When I write, the words often come quite fluidly as I rely on only one voice and influence, my own. However, I watched Ballet Manila's Cinderella with my ballerina bunhead daughter and she was adamant that I heard her blow by blow critique of this show. As her booming voice so eloquently articulated her opinion about each aspect of the show like an adult, I had to step back and digest it. After all, she was the primary target market for this show. And so I must thank my daughter for providing another perspective that gave me that extra push to dig deeper and understand more the purpose of every artistic choice that was made.
A Spectacle of Sorts
Ballet Manila has invested much into breathing life into Ms. Lisa Macuja's vision of Cinderella. With well publicized collaborations with Mio Infante for sets, Michael Miguel for costumes and Roy del Valle for music arrangement, I am certain it was a costly investment. While there are several variations in film, in theatre and in books, most ballet Cinderella stagings rely heavily on the original libretto made to serve the music of Sergei Prokofiev done by Nicolai Volkov. I came in with the highest of expectations after all this is our beloved Prima Ballerina's first major solo choreographic conquest. Much like Gelsey Kirkland's Nutcracker, the transition of a Prima Ballerina to a choreographer leaves the audience excited to see a legend's point of view. But is the show really a reconstruction? What I am definite about is that it is quite a departure from the ballet references. Ms. Macuja's version does away with the season fairies and instead follows the storytelling flow of the Walt Disney animated film. Retaining only the dance master scene from the original ballet libretto, she remains consistent with the Disney inspired staging from usage of animal friends in the opening to the final wedding scene.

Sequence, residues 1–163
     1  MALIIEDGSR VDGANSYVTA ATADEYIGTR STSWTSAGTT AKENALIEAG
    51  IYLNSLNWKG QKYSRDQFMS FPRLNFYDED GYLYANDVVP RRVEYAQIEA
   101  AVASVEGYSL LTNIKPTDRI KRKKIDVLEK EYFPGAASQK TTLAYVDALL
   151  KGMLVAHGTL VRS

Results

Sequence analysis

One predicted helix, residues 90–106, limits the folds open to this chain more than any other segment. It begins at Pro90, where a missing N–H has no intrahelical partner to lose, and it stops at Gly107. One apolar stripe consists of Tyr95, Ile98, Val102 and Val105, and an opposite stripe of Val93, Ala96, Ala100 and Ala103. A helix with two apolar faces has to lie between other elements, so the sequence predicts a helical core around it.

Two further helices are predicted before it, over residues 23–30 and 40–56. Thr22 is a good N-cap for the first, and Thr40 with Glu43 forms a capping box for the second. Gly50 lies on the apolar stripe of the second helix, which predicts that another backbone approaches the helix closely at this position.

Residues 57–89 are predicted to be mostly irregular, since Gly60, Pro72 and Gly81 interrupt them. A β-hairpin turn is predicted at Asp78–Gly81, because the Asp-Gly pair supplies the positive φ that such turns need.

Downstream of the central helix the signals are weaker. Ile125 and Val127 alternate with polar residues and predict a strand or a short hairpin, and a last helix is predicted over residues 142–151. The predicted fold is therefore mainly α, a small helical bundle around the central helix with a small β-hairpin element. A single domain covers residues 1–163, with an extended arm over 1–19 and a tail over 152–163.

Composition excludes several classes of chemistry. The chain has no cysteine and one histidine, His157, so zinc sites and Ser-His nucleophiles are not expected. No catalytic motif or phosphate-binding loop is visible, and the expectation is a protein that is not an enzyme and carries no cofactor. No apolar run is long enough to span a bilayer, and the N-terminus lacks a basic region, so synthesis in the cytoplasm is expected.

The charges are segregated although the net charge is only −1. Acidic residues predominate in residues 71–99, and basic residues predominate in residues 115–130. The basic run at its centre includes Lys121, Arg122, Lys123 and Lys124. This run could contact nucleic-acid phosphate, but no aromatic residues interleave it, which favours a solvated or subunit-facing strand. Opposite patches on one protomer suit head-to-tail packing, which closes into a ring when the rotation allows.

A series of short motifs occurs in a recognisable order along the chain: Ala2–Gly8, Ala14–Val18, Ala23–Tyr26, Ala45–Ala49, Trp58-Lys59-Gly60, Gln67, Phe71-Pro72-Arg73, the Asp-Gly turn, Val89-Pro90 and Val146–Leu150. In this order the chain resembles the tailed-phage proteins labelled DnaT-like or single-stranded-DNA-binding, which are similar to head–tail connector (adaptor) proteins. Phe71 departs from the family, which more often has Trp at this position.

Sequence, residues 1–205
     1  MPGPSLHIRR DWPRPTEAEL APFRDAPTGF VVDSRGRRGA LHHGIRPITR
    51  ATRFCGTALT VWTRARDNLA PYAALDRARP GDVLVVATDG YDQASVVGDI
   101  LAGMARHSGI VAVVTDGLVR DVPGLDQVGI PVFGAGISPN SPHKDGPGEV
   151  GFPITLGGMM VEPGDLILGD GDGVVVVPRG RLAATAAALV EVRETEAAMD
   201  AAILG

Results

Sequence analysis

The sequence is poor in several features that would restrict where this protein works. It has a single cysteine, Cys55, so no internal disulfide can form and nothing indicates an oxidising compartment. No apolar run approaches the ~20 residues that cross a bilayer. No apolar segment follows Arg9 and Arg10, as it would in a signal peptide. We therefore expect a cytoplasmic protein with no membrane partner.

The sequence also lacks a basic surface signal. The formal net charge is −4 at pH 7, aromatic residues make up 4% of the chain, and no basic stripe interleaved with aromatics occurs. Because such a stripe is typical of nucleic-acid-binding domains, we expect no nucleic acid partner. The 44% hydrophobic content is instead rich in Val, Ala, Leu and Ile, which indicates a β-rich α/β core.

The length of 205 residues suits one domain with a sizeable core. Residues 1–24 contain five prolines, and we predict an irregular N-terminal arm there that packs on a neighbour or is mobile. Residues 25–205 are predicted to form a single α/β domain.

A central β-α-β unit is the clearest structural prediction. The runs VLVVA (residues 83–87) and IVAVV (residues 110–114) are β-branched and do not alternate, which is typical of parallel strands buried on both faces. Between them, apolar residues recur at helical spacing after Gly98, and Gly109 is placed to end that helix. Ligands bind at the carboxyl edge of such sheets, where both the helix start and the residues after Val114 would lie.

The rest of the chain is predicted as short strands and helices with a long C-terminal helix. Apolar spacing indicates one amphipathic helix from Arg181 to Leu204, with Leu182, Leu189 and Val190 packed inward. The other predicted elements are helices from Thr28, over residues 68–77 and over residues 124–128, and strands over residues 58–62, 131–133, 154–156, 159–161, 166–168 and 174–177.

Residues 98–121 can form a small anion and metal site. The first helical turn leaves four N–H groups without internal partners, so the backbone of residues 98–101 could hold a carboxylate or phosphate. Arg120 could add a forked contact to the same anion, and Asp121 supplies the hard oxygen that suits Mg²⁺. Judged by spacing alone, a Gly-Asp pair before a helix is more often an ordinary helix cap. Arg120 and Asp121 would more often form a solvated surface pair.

The familiarity of the story line made it possible for the ballet to instantly connect to the audience eliciting cheers and laughter from children and the young at heart. For most, gone was the loyalty to the classic ballet. Except for a handful, nobody missed it. In fact my very own daughter said "They have the correct story Mom". (This of course is her response after having seen seen a couple of stagings of the traditional ballet in the past.)
To start of they had a delightful stage fit for the ballet, a beautiful fireplace, a house that gave a natural vignette frame to the dancers and who could forget the globe dome royal palace. Adding to the magic was the well thought of lighting by Jaime Villanueva that was critical in threading together the scenes. They kept the glitter and the frills coming with tried and tested theatrical exhibitions such as illuminated white cloth incorporated in the choreography, black light choreography and confetti showers. To cap it off, they did the audience interaction during the finding of Cinderella. All of which brought joy to the audience. It is quite similar to Children's theatre and Children's ballets staged by different professional companies here and abroad (eg. Repertory Philippines, Hongkong Ballet's Children's Ballets). Ballet Manila's Cinderella is simply a Children's Ballet. It promised to be light and humorous and it was. It promised to show magic and it did. I believe it caters to a particular audience. I use the words Children's ballet not to degrade the show in any way. I use it because it is an accepted genre that has developed through time. Its specific goals are clear to allow adults and children to have common space to enjoy art. It is a means to inspire children to integrate art into their lives. Seeing the effect on my very own daughter, I would say that the show was victorious. My daughter said to me babbling "Mom I want to watch this again next weekend! Why can't we go backstage like the other shows? When are we staging Cinderella again in Hampton Court Ballet?" and then it progressed to something deeper in the car ride home. "Mom I really want to dance the Cinderella part one day, I think I could be her (Katherine Barkman) maybe not your friend Ms. Lisa Macuja but I could be her." As an artist and as a mom, it was a beautiful moment to see your child loving ballet so gently, so fervently. I had to at that time dismiss my analysis of what I just saw and remain content with the healing and loving effect of the arts on people. A dream is a wish that heart makes, and now my daughter's dreams have been fueled on. This is why I have much gratitude for the arts.